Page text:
As shown within the SMM entry routine 134, after the SMM_ON value 130 is set to indicate SMM, only the translations stored in the TAC 206 that are associated with SMM (SMM translations) are flushed or otherwise invalidated. In this manner, all of the translations of the TAC 206 that were determined and entered outside of SMM remain within the TAC 206. The processor 100 may generate and add SMM translations in the TAC 206 that are associated with SMM. This may, of course, displace some of the non-SMM translations that were determined and entered outside of SMM. It is envisioned, however, that many of the valuable non-SMM translations remain stored within the TAC 206. It is appreciated that SMM and non-SMM translations coexist within the TAC 206.

As shown within the SMM exit routine 136, before the SMM_ON value 130 is cleared to indicate non-SMM, only the SMM translations stored in the TAC 206 that are associated with SMM are flushed or otherwise invalidated. As noted above, the processor 100 may generate and add SMM translations in the TAC 206 that are associated with SMM, which displace some of the translations that were determined and entered outside of SMM. Again, however, the number of SMM translations is typically significantly smaller than the total number of entries of the TAC 206, so that many of the valuable non-SMM translations remain stored within the TAC 206.

In one embodiment, it may be possible to avoid flushing any translations of the TAC 206, including the SMM-only translations, upon entering or exiting SMM. In this case, it is assumed that upon entering SMM, when the SMM handler code enables paging, the SMM translations determined in previous SMM sessions are flushed from the TAC 206.

In one embodiment, the SMM translations are only flushed upon entering SMM as shown performed by the SMM entry routine 134. In this embodiment, the SMM translations are not flushed upon exiting SMM. In another embodiment, the SMM translations are only flushed upon exiting SMM as shown performed by the SMM exit routine 136. In this embodiment, the SMM translations are not flushed upon entering SMM. In yet another embodiment, the SMM translations are flushed both upon entering SMM as shown performed by the SMM entry routine 134 and upon exiting SMM as shown performed by the SMM exit routine 136.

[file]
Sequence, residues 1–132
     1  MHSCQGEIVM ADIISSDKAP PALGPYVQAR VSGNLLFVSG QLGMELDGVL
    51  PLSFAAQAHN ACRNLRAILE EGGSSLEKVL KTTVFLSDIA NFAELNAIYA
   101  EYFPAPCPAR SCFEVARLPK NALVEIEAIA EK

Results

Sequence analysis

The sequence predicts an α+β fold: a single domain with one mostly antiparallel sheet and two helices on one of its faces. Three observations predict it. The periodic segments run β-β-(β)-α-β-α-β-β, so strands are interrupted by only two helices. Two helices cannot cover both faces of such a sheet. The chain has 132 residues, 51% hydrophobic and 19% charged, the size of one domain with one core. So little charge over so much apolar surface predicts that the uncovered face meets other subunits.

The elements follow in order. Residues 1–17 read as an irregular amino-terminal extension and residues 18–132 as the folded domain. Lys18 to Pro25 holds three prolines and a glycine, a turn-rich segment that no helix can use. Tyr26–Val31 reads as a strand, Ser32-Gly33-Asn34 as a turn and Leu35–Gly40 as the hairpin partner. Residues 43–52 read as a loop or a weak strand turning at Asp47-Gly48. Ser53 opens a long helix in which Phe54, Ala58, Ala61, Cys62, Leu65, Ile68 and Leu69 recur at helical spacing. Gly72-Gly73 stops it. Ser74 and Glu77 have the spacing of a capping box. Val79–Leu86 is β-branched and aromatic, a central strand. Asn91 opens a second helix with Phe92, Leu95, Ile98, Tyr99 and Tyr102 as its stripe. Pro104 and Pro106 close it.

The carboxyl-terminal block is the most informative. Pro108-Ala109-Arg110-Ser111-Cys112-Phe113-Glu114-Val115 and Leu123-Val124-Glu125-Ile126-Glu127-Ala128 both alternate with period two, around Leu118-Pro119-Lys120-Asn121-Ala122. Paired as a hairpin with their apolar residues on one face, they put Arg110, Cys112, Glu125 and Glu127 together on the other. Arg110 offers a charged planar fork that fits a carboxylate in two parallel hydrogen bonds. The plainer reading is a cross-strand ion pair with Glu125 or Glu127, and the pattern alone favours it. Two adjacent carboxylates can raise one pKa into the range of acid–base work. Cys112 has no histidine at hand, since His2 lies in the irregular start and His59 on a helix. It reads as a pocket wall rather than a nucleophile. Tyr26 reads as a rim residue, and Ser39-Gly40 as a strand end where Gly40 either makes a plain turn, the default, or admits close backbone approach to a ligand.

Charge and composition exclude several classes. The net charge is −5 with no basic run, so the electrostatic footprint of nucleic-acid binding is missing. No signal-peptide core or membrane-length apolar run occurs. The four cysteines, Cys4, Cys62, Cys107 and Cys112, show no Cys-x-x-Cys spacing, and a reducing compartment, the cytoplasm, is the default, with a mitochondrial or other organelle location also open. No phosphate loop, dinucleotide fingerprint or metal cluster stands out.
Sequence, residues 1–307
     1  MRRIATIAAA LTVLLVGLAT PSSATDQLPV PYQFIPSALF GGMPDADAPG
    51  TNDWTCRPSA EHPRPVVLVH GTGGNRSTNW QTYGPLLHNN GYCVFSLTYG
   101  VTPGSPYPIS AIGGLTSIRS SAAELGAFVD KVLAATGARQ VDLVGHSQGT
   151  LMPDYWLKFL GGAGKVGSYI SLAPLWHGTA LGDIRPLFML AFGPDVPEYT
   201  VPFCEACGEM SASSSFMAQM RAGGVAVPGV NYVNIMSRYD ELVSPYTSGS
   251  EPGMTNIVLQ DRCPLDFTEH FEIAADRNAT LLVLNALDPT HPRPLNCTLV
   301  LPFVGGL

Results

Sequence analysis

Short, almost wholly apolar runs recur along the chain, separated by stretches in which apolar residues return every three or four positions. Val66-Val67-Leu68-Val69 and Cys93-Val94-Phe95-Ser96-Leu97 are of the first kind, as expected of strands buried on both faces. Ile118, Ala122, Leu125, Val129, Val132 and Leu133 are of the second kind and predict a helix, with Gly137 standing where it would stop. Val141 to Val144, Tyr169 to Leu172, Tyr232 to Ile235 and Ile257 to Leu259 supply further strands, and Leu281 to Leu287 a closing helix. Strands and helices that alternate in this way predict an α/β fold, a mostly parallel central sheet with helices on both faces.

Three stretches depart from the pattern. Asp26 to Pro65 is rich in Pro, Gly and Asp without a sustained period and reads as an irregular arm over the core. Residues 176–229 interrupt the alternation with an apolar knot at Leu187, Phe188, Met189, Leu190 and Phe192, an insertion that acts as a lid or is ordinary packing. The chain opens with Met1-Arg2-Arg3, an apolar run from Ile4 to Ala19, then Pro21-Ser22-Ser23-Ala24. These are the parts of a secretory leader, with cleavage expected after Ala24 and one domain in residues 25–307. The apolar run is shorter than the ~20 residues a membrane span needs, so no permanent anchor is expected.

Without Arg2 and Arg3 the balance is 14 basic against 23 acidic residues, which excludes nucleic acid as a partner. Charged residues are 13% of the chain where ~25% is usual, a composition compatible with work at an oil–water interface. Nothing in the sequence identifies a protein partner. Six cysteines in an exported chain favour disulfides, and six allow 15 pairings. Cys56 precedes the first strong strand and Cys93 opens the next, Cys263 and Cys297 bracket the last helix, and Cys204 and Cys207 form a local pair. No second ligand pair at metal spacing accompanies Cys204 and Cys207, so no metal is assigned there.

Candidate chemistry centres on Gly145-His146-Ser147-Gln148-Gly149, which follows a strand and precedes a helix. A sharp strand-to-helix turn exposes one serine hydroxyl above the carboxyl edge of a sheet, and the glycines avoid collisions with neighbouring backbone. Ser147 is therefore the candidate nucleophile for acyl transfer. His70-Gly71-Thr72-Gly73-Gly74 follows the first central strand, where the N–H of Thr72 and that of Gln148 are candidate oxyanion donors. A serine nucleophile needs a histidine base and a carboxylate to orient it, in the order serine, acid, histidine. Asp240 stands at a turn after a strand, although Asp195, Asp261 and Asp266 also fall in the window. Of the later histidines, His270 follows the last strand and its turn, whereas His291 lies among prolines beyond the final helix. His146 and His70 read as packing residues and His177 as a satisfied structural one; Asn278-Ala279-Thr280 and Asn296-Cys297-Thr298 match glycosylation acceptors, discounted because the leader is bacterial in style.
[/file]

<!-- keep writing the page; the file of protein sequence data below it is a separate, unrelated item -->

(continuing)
FIG. 2 is a block diagram illustrating portions of the processor 100 of FIG. 1 in more detail. The processor 100 includes the TAC 206 (which includes the TLB 207 and the PSC 209), a mapping module 204 coupled to the TAC 206 via coupling 236, a memory subsystem 122 coupled to the TAC 206 and mapping module 204, a local context table 212 and a global context table 214 coupled to the mapping module 204. The mapping module 204 includes microcode, a hardware state machine, or a combination thereof. The mapping module 204 receives a PCID 252, a VPID 254, and an extended page table pointer EPTP 256. The mapping module 204 receives the PCID 252, VPID 254 and EPTP 256 in response to various events, such as instructions that change the current address translation context and/or invalidate an address translation context, some of which are described below. In response to receiving the PCID 252, VPID 254 and EPTP 256, the mapping module 204 may advantageously simultaneously invalidate multiple local address translations and/or multiple global address translations in the TAC 206 by generating an invalidate local (INV_LOCAL) bit vector 232 and/or an invalidate global (INV_GLOBAL) bit vector 234, respectively.

Additionally, in response to receiving the PCID 252, VPID 254 and EPTP 256, the mapping module 204 may update a current local context identifier (CUR_LID) 242 and/or current global context identifier (CUR_GID) 244. The CUR_LID 242 and CUR_GID 244 identify the current address translation context. Specifically, the CUR_LID 242 identifies local memory pages of the current address translation context, and the CUR_GID 244 identifies global memory pages of the current address translation context, as described in more detail below. In one embodiment, the CUR_LID 242 is an encoded value, and a decoder 262 decodes the CUR_LID 242 and provides a lookup local valid (LOOKUP_LVAL) decoded one-hot bit vector 272 (i.e., one bit is set and the others are clear) to the TAC 206; and the CUR_GID 244 is an encoded value, and a decoder 264 decodes the CUR_GID 244 and provides a lookup global valid (LOOKUP_GVAL) decoded one-hot bit vector 274 to the TLB 207. Other embodiments are contemplated for representing the CUR_LID 242 and CUR_GID 244. For example, they may themselves be stored in a decoded form and provided directly to the TAC 206 without the need for the decoders 262/264.